This is the continuation of an interview with Brendan Powell Smith, creator of the
Brick Testament. Please also read part 1 of the interview.
GodBricks: Currently you've been going back and recovering some of the stories that you addressed earlier, either expanding them or bringing in more advanced building techniques. How do you balance this versus addressing other parts of the Bible you have yet to cover?
Brendan Powell Smith: I ache to return to illustrating parts of the Bible that I have not yet covered at all. But the ache I felt when looking at my earliest illustrative work was worse, so it has won out for the past several months. I assume many people who come to The Brick Testament start with the beginning of Genesis, and I was just really bothered that my best work was not what people saw when they first visited.
So I feel committed to this re-illustration project for a while. I am not sure where I'll be able to draw the line and feel OK leaving the old stuff there. I kind of want to re-do all of Exodus and The Wilderness, though I know that's crazy. And I think I want to get to new material more than I want to spruce up those sections. Maybe. Haven't decided yet. Definitely have to at least close out the Abraham stories for consistency's sake, and I will very likely do a bit more work on the latter half of Genesis.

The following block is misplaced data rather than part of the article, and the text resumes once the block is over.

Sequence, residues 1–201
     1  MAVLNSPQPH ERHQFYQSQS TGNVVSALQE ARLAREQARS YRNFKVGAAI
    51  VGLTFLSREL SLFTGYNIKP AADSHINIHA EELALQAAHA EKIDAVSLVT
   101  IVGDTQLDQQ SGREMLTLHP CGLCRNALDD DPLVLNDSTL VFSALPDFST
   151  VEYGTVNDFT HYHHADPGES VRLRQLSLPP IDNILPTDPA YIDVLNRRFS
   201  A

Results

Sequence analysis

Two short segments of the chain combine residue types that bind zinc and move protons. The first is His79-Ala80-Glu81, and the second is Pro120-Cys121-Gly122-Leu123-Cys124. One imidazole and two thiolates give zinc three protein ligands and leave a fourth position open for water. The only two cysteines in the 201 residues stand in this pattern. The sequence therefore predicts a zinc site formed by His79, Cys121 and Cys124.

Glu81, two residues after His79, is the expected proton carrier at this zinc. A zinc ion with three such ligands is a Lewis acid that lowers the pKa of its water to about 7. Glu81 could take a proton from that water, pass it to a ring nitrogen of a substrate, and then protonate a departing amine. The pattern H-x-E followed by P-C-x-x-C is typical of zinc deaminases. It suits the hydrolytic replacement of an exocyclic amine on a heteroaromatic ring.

GB: Much of what you've done has been fairly straight-forward narrative. Some sections, though, have been less linear storytelling, like the law and the epistles, or used fantastic imagery like Revelation. Of course there's a ton of more poetic material you've left largely untouched, like the Psalms, Proverbs, and the major and minor prophets. Do you plan on tackling these areas? What additional challenges might these pose to you as an illustrator?
BPS: I would definitely like to illustrate a fair amount of material from Psalms, Proverbs, and the writings of the books of the Prophets.
I think people have a very misguided idea that the Psalms are a "nice" section of the Bible because they have heard Psalm 23 and assume they are all poetic praises of how good God is to people. I think this stands in need of correction.
GB: Do you have a favorite scene or MOC from the Brick Testament so far?
BPS: I am particularly proud of how I captured the insanity and horribleness of Revelation, whether it's the fiery balls of blood and hail that burn up a third of the Earth, or all the islands sinking into the sea and people attempting to kill themselves to avoid being tortured by locust creatures with scorpion tails, people worshiping a seven-headed beast from the sea, or Jesus trampling people to death in a giant, gory wine press.